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the other taxis and maybe some of the good drivers we discussed how we wanted to approach this as a commission but i wanted to noticebecause it is nothing that we've discussed before . >> are you aware of anything pending that we could lookinto ? on that or ... >> there's been action regarding the taxis in the last couple of weeks and like i said,not everybody on the commission had seen the letter we sent to mta about the taxis . we would redistribute that and see if mta has any newer updates for us. based on the line of questions we have in fact order . so that was that action item and then i think the second one about how do we help the city
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track 1099 independent contractors. that may be something that director king and regina can touch base on a not sure i don't have a specific task there. just for us, i'm encouraging us to consider that as part of our look at the economy. >> gig economy, i'm hearing for some reason. >> the only data we got none that was actually our office had really gooddata when the city first required tmc drivers to register business licenses . like, we had demographic data. we know which communities were driving this, on the languages space and i never did anything with that data now as we look and see so many businesses that are opening hassles of proprietors and independent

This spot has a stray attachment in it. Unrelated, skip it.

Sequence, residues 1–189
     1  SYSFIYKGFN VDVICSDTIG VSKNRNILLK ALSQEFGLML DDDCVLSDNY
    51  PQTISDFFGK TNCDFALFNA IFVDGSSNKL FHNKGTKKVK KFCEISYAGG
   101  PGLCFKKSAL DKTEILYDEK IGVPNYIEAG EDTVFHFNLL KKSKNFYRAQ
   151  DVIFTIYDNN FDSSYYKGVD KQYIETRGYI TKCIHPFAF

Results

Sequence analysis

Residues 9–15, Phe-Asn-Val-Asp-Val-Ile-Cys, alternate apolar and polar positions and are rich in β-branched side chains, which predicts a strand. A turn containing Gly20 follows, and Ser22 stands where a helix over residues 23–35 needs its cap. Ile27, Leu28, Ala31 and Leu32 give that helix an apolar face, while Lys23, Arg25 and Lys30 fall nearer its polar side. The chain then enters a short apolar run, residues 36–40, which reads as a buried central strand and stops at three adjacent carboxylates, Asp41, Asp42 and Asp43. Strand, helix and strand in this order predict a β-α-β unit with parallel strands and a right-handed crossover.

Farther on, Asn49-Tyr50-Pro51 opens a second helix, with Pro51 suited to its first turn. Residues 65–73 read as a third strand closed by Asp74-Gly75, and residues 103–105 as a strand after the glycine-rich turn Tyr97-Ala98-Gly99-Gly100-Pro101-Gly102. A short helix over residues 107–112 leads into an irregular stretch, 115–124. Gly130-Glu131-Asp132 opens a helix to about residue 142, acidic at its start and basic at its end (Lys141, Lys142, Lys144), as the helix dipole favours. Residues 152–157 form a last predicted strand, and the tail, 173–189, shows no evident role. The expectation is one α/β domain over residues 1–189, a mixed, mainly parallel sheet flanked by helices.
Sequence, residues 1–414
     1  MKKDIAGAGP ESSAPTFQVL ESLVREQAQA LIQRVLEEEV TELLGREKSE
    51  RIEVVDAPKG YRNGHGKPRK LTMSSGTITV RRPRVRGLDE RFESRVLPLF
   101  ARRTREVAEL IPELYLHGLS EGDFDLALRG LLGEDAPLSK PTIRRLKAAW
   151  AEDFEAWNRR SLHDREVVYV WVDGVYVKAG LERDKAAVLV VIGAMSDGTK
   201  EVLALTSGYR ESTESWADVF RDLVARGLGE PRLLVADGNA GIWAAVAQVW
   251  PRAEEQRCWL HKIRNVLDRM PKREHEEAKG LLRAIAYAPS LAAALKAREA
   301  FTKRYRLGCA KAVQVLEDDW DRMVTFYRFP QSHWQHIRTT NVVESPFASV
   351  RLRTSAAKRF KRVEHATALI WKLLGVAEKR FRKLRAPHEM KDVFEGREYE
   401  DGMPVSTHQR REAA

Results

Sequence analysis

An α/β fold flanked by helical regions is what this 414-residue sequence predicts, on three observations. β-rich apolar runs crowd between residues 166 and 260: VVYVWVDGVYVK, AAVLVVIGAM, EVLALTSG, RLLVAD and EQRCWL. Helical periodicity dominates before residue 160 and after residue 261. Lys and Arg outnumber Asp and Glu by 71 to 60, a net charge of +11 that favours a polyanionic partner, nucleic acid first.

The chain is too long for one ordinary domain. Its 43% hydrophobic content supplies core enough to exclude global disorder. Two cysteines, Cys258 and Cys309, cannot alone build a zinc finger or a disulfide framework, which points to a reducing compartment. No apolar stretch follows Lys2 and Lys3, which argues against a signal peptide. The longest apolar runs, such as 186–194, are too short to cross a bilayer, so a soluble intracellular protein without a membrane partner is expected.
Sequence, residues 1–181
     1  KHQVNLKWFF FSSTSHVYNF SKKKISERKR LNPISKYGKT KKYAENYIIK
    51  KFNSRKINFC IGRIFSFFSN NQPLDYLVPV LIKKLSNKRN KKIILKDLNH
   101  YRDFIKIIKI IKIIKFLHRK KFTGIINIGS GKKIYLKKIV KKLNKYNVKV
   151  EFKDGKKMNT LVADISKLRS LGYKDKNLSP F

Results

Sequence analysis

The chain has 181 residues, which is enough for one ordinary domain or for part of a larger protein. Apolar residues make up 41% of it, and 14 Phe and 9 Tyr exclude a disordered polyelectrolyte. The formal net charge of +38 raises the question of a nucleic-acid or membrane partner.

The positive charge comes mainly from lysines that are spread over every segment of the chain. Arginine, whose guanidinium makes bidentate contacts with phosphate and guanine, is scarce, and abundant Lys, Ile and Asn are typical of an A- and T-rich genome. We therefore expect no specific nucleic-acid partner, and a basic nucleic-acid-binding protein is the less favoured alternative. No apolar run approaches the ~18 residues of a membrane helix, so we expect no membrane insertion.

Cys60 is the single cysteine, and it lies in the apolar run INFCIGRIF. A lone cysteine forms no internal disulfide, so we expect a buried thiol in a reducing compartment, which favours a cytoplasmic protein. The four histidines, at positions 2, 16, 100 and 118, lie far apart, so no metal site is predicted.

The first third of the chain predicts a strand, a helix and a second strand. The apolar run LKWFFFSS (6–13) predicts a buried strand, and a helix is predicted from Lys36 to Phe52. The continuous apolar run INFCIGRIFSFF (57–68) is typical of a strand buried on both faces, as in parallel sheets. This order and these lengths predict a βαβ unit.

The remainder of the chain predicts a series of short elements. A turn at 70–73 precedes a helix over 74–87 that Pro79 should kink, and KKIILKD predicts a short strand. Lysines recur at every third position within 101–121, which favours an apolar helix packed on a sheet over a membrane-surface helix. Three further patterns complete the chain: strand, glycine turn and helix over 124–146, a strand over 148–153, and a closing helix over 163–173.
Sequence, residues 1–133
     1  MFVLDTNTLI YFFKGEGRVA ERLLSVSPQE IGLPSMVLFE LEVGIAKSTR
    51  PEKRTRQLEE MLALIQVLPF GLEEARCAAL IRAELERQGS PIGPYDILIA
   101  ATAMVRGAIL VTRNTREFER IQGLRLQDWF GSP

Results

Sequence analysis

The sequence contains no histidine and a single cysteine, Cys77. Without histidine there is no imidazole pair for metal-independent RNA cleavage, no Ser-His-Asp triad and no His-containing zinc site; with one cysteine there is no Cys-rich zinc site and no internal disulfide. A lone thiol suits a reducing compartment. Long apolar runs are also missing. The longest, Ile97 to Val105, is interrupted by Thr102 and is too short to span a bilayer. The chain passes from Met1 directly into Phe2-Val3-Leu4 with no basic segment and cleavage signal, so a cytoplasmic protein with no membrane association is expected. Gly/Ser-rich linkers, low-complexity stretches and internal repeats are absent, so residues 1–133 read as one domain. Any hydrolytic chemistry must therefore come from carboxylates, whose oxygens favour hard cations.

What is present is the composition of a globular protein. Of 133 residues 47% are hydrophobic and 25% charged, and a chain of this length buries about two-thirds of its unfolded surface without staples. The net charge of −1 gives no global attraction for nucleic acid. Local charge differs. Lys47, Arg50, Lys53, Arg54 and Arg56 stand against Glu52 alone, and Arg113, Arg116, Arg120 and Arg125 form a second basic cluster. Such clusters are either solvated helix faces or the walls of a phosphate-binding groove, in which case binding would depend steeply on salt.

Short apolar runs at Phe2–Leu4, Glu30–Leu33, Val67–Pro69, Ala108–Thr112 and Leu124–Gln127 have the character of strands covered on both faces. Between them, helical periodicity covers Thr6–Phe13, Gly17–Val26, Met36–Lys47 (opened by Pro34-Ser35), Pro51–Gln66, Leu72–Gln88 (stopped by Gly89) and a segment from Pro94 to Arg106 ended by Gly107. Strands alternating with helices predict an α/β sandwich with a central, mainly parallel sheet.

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contractors and the economy, i think that's just something we need to think about . as we are approaching and making an action around what we want to do. >> anything else? >> commissioners this is the first time i've seen you.i wanted to relay what an excellent party that was that td made through at that our former director regina dick injuries he was celebrated at. and it was touching or maybe i did see you again. it's all fitting together. i think you know, we're really going to have to pay very close
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attention yet again to the personal services and the restaurant industry because of everything that's happening with omicron. i was saying today to some friends that if there was the least bad time for it to happen would be the first two weeks of january so it's never a good time for this stuff but i mean it's probably not true for the gyms. maybe the first two weeks of januaryare the best two weeks of the year but for all the resolutions , for the tourism industry, for i think a lot of restaurants and folks that are connecting or gathering so i know in my business that historically the first two weeks of january are the slowest time of the year so
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that is you know, it's not as bad as it could be. i'm going to look at this glass half-full kind of person. but i think that nonetheless as a result of result of the impact of electron and i think a concern that the next 2 to 3 weeks is things are more likely to get worse and they are to get better. we should as a commission start actively thinking about what are some of the things we can do to help these businesses ge through it . and what are some of the tools that we have in our toolbox to help encourage our policymakers to help them get through it. so i just want to put that on everybody's radar. that i know many of our us are mentally done with thepandemic